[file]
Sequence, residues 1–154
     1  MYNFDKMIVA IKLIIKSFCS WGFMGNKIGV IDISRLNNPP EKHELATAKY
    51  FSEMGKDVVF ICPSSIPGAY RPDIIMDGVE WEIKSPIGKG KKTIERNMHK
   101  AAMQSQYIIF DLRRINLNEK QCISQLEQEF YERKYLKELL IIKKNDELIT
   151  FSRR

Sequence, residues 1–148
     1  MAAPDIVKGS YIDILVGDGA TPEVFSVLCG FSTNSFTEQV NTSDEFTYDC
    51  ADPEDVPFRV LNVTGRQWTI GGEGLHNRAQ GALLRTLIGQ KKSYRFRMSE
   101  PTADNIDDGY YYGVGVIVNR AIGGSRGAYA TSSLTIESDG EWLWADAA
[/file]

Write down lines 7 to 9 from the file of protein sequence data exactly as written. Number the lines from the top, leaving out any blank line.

     1  MAAPDIVKGS YIDILVGDGA TPEVFSVLCG FSTNSFTEQV NTSDEFTYDC
    51  ADPEDVPFRV LNVTGRQWTI GGEGLHNRAQ GALLRTLIGQ KKSYRFRMSE
   101  PTADNIDDGY YYGVGVIVNR AIGGSRGAYA TSSLTIESDG EWLWADAA